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Monday, May 27, 2024

Nigeria, We Are Back: Tinubu And The Diplomacy

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Nigeria’s ”big brother” status in the African continent is marked majorly by her contributions to Africa’s Independence. The country, which is home to the largest Black population, has contributed economically, militarily, and culturally towards Africa’s integration in the international arena. Its strength also lies in its endowment with mineral resources—especially crude oil, making her the country with the highest GDP in Africa.

Just a few days ago, the president, President Bola Ahmed Tinubu, emerged as the Chairman of the Economic Community of West African States, ECOWAS, a regional organisation, Nigeria had played an active role in its realisation. Since the establishment of ECOWAS in 1975, Nigeria has always borne the burden of the community—not without contributions from other member countries—spending a huge amount of her wealth derived from crude oil in advancing the cause of the organisation.

Undoubtedly, this Afrocentric policy of Nigeria conferred more prestige on her as a regional power. However, the impact of her foreign policy has failed to corroborate her national interest—her domestic policies have not been totally met. That this deficiency is a product of Nigeria’s disregard for specialisation, or an effect of domiciliation of corruption, is indispensable. Do you challenge the dictatorship of the military regime? Nigeria’s Ministry of Foreign Affairs’ appointment always falls into the hands of politicians, lawyers, economists and doctors, who by virtue of “connection” occupy positions, meant for individuals who had been brought up in the art and science of diplomacy, and thus do not only cut out as a result, but for the mechanism—corruption—which brought them into the system.

The new president, President Bola Ahmed Tinubu, has assured (as expected) upon his emergence as ECOWAS chairman in the 63 Ordinary Session of the Authority of Heads of States and Government on Sunday, “an unalloyed commitment to provide the necessary leadership with a dedication to serve the interest of the community”, as much as he promised the community many other things, including working to fight terrorism, and coup d’etat, both of which have always been the major challenges of democracy in the West Africa subregion and the African continent as a whole.

While it is only “normal” for politicians to meet their ends by undertaking things that they will not meet, the new president whose sagacious policies—removal of fuel subsidy, and student loan scheme, among others—have been appreciated throughout the country and abroad, should not be preoccupied with foreign engagements at the expense of the home government—domestic affairs. His chairmanship should not deter his judicious movement on the removal of fuel subsidy, in order to ameliorate the hampering effects of the subsidy removal on other member countries of the community, to which he had pledged to “promote trade, investment, and business cooperation among Member States by addressing the barriers impeding intra-regional trade.” In the face of an opportunity, the president should be ready to deploy a give-and-take strategy in his aggrandizement of Nigeria’s place in the regional organisation and beyond. Our military should not be deployed to states where Nigeria’s interest is not accommodated until such a country is ready for business. Funds and aids should be offered diplomatically, learning from our past foreign relations with neighbouring countries.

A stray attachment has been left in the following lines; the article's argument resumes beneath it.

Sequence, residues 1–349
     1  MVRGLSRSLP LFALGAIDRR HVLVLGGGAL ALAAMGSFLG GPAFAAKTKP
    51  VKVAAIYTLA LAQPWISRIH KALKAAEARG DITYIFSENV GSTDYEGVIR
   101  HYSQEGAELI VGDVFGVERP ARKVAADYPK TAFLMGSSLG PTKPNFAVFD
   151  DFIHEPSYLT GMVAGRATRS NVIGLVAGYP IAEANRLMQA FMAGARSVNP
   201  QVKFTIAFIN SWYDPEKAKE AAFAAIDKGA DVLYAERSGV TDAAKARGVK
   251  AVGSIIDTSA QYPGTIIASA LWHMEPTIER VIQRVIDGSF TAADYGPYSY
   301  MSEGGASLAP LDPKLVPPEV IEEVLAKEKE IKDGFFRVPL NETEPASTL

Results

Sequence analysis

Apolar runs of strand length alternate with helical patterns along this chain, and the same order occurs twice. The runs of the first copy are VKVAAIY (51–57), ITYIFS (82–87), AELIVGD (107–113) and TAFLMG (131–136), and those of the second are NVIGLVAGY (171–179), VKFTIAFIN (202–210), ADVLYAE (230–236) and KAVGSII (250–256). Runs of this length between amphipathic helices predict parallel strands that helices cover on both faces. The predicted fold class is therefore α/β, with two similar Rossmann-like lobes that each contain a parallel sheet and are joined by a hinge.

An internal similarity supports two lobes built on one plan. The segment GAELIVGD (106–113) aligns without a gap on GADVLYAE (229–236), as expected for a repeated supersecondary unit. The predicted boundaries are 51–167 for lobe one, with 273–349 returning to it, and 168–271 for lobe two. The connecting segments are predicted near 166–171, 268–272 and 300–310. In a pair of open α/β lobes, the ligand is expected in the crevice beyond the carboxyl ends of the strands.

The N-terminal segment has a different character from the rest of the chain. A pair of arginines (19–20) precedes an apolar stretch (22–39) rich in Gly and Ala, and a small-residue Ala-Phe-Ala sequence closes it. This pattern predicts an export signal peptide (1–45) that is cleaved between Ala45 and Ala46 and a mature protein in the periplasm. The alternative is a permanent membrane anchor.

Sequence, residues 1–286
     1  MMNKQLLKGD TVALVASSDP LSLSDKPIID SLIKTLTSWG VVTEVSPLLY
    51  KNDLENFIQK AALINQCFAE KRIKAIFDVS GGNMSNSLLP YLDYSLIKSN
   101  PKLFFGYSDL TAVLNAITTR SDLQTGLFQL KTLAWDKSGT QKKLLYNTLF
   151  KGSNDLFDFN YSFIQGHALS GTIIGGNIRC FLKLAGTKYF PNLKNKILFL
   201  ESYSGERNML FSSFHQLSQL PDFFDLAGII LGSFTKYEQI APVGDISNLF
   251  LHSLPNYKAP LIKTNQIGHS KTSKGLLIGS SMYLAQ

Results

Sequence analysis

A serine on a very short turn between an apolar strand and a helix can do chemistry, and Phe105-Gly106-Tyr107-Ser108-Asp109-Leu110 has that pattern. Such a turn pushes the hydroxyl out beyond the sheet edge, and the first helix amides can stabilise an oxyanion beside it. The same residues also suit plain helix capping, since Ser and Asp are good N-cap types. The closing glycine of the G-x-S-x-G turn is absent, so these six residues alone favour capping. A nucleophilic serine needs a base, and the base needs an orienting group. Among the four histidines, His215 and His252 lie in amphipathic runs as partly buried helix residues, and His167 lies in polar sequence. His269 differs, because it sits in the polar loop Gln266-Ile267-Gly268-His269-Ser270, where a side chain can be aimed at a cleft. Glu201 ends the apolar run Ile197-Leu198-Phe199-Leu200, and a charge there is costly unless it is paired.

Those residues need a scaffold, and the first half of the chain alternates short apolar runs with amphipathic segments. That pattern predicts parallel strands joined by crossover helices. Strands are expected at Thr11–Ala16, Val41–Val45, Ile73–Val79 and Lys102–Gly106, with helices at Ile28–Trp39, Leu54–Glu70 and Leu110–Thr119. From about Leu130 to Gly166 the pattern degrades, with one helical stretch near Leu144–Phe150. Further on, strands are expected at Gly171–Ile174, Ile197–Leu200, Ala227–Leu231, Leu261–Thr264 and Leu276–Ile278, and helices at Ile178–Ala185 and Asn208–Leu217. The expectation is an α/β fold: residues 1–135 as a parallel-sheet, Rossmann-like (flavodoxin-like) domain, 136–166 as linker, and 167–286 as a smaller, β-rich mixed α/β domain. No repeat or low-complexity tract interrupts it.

My advice is for the Nigerians who clapped and subscribed to the sagacious move to carry out their civil duties diligently and remain optimistic about the outcome of the decision. As a former Foreign Minister, Bolaji Akinyemi asserts, the many Nigerian citizens clapping at the president’s new dream for an advanced West Africa should realise that “responsibility goes with financial burden.”

However, the new role should not affect the “export more, import less” assurance. National security, where people live and engage in their economic activities without fear; power supply; and other infrastructural facilities—transportation, that would spur foreign investments, (all of which he assured) should not be neglected at the expense of an international dispensation, for they both work pari passu.

America procrastinated entering into the Second World War in 1939—among other reasons—because the House, acting on the citizens’ will, was opposed to the motion, despite the presidency and senate’s push for a realistic foreign policy objective—being the major agent of the United Nations. Therefore, a Nigerian’s internal development must be his drive in the newly assumed function. While the attempt at replicating the 60s and 70s Nigeria’s achievements would enable the country to a greater international repute, the citizens may be forced to persist in burdens from which they were envisaging reliefs.

By Abdulkabir O. Muhammed

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